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4. Integration of FO followed by anaerobic treatment in a WWTP

4.1 COD valorization in municipal WWTPs

For more than a century, the CAS process has been applied as the main urban wastewater treatment system worldwide, making a significant contribution to environmental protection and public health. However, the low energy efficiency of the CAS process ranks WWTPs among the largest energy consumers in a country; on an annual basis, in developed counties, about 1–3% of electricity consumption is spent on their operation [84]. In addition, WWTPs are characterized by a high energy and carbon footprint, as during biological processes, large amounts of greenhouse gases are produced, mainly carbon dioxide generated due to the oxidation of organic matter and indirectly by electricity consumption [85]. Therefore, about 0.3–0.5 kWh m−3 of energy is required for sewage treatment by applying the CAS process, while the contained chemical energy and nutrients are not utilized [86].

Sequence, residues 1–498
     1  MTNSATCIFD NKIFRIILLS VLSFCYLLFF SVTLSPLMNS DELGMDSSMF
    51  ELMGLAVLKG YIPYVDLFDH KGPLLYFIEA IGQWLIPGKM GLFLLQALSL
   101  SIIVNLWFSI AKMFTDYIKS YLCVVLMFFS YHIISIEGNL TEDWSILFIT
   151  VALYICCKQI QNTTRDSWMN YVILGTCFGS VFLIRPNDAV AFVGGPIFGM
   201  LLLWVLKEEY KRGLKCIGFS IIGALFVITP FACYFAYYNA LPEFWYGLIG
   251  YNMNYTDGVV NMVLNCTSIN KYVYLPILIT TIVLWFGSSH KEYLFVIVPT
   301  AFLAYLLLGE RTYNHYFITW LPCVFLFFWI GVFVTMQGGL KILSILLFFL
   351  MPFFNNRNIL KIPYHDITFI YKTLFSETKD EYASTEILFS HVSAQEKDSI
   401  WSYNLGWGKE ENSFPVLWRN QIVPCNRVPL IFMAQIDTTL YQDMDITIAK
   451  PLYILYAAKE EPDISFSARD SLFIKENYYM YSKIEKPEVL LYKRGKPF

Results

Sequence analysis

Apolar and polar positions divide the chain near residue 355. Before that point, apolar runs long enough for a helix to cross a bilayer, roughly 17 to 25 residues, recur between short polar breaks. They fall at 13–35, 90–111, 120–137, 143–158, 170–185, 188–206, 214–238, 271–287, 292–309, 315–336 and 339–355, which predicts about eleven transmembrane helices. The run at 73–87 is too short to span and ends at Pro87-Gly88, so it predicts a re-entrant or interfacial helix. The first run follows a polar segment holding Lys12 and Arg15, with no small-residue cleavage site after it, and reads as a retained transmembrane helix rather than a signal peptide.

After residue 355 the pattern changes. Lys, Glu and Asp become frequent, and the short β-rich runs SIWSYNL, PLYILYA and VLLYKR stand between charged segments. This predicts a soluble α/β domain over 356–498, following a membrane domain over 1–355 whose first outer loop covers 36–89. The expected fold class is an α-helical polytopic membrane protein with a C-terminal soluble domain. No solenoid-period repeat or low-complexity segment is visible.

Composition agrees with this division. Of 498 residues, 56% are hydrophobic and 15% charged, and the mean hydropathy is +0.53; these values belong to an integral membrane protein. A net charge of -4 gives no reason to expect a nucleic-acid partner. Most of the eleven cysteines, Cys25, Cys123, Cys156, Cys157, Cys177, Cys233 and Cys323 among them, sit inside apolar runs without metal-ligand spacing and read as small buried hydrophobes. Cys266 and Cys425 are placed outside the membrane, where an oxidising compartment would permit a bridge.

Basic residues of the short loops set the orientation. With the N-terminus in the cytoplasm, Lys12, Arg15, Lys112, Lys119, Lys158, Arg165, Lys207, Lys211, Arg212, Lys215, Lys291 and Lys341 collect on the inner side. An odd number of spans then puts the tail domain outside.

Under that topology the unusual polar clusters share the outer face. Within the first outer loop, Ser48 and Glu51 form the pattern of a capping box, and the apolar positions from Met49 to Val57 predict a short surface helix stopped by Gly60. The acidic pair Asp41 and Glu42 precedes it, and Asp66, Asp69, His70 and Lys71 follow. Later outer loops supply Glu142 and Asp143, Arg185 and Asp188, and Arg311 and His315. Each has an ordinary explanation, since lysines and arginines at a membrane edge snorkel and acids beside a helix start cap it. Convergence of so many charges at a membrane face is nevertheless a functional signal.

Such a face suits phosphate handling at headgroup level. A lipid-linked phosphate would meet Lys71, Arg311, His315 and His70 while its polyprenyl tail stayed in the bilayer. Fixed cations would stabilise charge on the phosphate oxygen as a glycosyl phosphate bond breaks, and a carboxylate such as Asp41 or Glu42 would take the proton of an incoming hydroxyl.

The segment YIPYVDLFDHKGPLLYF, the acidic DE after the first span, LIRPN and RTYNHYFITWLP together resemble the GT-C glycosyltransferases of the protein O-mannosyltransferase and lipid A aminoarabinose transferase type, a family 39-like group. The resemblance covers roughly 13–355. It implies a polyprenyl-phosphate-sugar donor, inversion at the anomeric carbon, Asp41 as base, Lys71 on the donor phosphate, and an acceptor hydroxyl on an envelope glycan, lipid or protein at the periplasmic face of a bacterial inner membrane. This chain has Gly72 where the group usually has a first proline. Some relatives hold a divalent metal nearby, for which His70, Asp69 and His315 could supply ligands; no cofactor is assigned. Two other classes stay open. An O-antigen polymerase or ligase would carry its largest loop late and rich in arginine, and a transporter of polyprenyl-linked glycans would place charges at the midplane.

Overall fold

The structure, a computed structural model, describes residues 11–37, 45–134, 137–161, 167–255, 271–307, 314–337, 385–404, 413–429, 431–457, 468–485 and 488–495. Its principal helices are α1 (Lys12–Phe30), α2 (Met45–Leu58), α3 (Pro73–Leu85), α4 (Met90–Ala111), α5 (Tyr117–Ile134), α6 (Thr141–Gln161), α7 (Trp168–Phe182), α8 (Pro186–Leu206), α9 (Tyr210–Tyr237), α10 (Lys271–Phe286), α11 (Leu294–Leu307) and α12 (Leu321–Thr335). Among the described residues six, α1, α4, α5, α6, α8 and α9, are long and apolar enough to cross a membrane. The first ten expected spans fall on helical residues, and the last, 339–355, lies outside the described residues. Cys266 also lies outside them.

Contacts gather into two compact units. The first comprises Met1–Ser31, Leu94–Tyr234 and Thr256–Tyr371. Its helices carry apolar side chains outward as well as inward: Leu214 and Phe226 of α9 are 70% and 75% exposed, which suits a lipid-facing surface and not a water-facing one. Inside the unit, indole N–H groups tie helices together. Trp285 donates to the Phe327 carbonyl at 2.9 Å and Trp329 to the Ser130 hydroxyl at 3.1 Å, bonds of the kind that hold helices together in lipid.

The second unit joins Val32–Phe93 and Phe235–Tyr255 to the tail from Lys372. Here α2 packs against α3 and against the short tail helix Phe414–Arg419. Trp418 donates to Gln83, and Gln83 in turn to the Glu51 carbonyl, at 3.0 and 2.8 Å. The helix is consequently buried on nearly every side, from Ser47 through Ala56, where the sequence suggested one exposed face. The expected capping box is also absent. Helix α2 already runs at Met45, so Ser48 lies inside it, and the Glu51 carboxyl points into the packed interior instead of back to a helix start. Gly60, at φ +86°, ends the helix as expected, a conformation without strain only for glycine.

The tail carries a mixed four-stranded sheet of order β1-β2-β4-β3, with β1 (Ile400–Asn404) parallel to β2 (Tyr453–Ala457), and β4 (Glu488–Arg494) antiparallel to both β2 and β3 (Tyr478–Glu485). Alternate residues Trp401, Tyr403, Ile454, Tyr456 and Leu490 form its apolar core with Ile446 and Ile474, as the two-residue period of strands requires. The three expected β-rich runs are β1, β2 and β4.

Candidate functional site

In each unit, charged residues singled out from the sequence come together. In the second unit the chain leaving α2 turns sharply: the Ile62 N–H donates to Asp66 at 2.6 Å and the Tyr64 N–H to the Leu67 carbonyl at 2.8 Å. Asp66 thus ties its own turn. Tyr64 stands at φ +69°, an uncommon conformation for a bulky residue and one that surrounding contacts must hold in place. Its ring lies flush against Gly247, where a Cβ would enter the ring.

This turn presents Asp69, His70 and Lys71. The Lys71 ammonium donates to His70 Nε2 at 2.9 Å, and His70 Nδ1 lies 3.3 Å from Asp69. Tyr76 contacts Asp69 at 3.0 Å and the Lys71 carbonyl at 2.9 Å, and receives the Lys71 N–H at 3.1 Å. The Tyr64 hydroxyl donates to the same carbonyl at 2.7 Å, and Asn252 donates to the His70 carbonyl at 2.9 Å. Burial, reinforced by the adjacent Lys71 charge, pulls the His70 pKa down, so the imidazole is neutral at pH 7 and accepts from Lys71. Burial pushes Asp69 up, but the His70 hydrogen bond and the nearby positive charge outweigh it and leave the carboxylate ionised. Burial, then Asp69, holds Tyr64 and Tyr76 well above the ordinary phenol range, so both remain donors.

According to Wan et al. [87] the traditional CAS process needs an average of 0.45 kWh to treat one m3 of sewage, which equals to 1620 kJ m−3. Assuming a concentration of 600 mg L−1 COD, energy consumption becomes 2.7 kJ g−1 COD. As shown in Figure 2(A), the energy recovery in convectional CAS systems occurs through the anaerobic digestion of the primary and secondary sludge, which corresponds to 32–39% of the organic material in COD terms. The latter percentage is equal to 2.9–3.5 kJ g−1 COD, since 1 g of methane-COD is equal to 13.9 kJ (65% methane percent in produced biogas). Considering that only 35% of the produced methane can be utilized for the production of electricity [86], about 1–1.2 kJ g−1 COD can be recovered from municipal wastewater, by applying anaerobic digestion to the sludge treatment line. Comparing the aforementioned energy requirement, 2.7 kJ g−1 COD, it is estimated that about 40% of it can be recovered using anaerobic digestion (1–1.2 kJ g−1 COD). The anaerobic digestion process also generates approximately 50–55% heat, part of which is used to heat the digesters. The excess heat can only be valorized locally [88].